Norman Rockwell Museum (Stockbridge, MA)

Date of Visit: October 15, 2016

Location: 9 Glendale Rd, Stockbridge, MA

Hours:

May – October and holidays:
open daily: 10 a.m. – 5 p.m.

November – April: open daily:
Weekdays: 10 a.m. to 4 p.m.
Weekends and holidays: 10 a.m. to 5 p.m.

Parking:  There is a  large parking area for 100 or more cars across from the museum.

Handicapped Accessible: Yes, and they even have a separate parking lot for handicapped parking beside the museum

Dog Friendly: No

Highlights: original art work by Norman Rockwell, other works of art by various artists, sculptures behind the museum

Web Site: Normal Rockwell Museum

Nothing may say Americana like the work of Norman Rockwell.    And, in a small town in the Berkshires you can still view this idyllic vision of America from so long ago.

But, even before you enter the museum, there is art abound.  Along the walk way to the museum there are these unique sculptures and works of art.

Since it was the middle of October during our visit, the grounds of the museum were bursting with colors.

Rockwell was a prolific artist and his work is widely regarded as being some of the finest art in modern American history.  Virtually every home, office or school has at one point hung a Rockwell painting, or more accurately somewhere in their building.  In fact, I remember seeing this one in my doctor’s office.

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The museum allows photograpy, just not flash photography.  So, make sure to grab your DSLR or make sure your camera phone is fully charged before you go.

It’s so hard to choose the best Rockwell painting, especially since everyone has different tastes.  But, here are a few of the paintings at the museum.

Throughout the day, a curator or other staff member gives a brief lecture on the life and works of Norman Rockwell.

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There are also works of art by other artists at the museum.  They range from more traditional works of art to modern works of art.  There wa also a special tribute to cartoonist and satirist Thomas Nast during our visit.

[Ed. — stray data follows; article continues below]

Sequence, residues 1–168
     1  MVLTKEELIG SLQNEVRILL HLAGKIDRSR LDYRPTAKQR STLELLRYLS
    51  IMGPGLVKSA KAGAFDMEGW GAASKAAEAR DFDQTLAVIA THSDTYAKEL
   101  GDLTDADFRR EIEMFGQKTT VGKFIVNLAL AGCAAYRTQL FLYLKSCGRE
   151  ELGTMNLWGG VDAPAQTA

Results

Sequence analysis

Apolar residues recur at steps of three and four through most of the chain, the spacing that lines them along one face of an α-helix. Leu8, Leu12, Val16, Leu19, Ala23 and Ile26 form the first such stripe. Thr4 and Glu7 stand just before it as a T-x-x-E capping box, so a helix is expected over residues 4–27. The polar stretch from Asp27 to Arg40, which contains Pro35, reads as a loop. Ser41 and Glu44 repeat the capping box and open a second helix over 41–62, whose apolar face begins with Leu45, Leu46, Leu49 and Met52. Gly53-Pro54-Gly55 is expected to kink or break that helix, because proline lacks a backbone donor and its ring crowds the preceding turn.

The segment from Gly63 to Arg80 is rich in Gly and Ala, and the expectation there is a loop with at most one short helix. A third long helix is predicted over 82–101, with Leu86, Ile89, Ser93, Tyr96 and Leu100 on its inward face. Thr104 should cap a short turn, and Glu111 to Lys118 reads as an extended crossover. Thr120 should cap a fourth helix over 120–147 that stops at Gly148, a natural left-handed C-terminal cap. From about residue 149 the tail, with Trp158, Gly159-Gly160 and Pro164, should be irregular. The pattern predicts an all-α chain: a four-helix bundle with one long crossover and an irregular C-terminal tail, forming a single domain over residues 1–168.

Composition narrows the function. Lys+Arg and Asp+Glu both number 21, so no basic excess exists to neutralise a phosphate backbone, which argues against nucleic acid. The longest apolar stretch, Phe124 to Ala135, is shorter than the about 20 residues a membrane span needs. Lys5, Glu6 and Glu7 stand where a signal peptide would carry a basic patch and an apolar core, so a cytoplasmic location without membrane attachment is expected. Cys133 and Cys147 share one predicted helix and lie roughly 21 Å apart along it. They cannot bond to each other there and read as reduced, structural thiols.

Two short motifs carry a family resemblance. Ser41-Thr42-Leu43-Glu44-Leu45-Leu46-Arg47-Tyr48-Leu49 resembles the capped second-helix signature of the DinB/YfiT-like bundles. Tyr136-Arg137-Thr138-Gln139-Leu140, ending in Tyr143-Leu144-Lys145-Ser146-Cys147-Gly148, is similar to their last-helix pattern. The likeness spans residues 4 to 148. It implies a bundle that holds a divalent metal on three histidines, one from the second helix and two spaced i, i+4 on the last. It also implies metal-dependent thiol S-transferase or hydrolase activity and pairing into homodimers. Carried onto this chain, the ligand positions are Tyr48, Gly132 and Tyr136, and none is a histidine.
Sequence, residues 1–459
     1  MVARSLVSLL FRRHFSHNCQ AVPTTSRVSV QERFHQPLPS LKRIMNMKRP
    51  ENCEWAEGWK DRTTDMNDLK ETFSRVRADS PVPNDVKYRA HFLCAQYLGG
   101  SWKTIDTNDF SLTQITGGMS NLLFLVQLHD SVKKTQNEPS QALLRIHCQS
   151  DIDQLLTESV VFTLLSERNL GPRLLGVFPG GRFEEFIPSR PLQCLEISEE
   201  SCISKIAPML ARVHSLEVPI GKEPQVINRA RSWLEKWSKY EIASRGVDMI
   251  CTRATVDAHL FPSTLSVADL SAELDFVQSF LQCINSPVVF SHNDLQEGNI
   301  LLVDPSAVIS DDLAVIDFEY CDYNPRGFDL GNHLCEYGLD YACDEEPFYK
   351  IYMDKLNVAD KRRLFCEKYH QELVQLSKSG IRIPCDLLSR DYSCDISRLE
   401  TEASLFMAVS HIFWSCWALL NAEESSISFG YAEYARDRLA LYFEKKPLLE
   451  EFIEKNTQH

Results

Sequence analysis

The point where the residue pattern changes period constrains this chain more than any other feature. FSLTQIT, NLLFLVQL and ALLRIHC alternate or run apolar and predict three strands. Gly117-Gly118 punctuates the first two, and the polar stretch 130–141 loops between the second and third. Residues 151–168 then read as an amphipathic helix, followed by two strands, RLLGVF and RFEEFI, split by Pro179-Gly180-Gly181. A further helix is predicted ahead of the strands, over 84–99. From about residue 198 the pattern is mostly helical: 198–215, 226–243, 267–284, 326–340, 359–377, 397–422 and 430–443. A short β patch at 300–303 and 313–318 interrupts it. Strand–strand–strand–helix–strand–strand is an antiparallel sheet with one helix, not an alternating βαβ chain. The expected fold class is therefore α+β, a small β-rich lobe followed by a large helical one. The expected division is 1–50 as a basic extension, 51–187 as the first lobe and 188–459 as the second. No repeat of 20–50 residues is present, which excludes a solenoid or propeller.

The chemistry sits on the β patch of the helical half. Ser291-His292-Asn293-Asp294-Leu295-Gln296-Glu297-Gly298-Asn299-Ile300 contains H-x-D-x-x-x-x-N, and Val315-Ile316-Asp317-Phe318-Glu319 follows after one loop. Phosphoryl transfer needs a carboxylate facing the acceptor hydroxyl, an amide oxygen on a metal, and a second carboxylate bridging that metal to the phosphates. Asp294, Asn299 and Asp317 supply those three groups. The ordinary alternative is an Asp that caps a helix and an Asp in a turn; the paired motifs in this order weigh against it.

Behind the museum is an open area with sculptures, some of who were sculpted by Norman Rockwell’s son, Peter Rockwell.  The art work is very creative.

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“Monster” made from fiberglass resin by Peter Rockwell, 2014

Sculpture by Peter Rockwell

“Junkyard Baby Buggie” made of license plates, tools, hubcaps, antique bottle and miscellaneous articles by Thomas Fiorini listed at $11,000.

Sculpture by Peter Rockwell

“Birdy Buggy” by Erika Crofut.  Made of steel, vines and trash treasures.  Listed at $2,200.

“Nuclear Family Totem” by Angelo J Sinisi, made of steel and bronze.  For the low low price of $4,000.

“Christmas Buggy On Main” by Dee Moretto, made from wood, bondo, metal, fabric and paint.

“Bedrock Carriage” made of gypsum cement, copper and mocha moss, made by Thomas Mesquita.  It’s all yours for $3,000.

“Bachelor” by Nicole Peskin made of found objects and welded steel.  Listed at $9,000. Maybe I need one of these for my bachelor pad.

Sculpture by Peter Rockwell

 

There is also a tour of Norman Rockwell’s studio.

About New England Nomad

Hi I'm Wayne. Welcome to my blog. I am a true New Englander through and through. I love everything about New England. I especially love discovering new places in New England and sharing my experiences with everyone. I tend to focus on the more unique and lesser known places and things in New England on my blog. Oh yeah, and I love dogs. I always try to include at least one dog in each of my blog posts. I discovered my love of photography a couple of years ago. I know, I got a late start. Now, I photograph anything that seems out of the ordinary, interesting, beautiful and/or unique. And I have noticed how every person, place or thing I photograph has a story behind it or him or her. I don't just photograph things or people or animals. I try to get their background, history or as much information as possible to give the subject more context and meaning. It's interesting how one simple photograph can evoke so much. I am currently using a Nikon D3200 "beginner's camera." Even though there are better cameras on the market, and I will upgrade some time, I love how it functions (usually) and it has served me well. The great thing about my blog is you don't have to be from New England, or even like New England to like my blog (although I've never met anyone who doesn't). All you have to like is to see and read about new or interesting places and things. Hopefully, you'll join me on my many adventures in New England! View all posts by New England Nomad

21 responses to “Norman Rockwell Museum (Stockbridge, MA)

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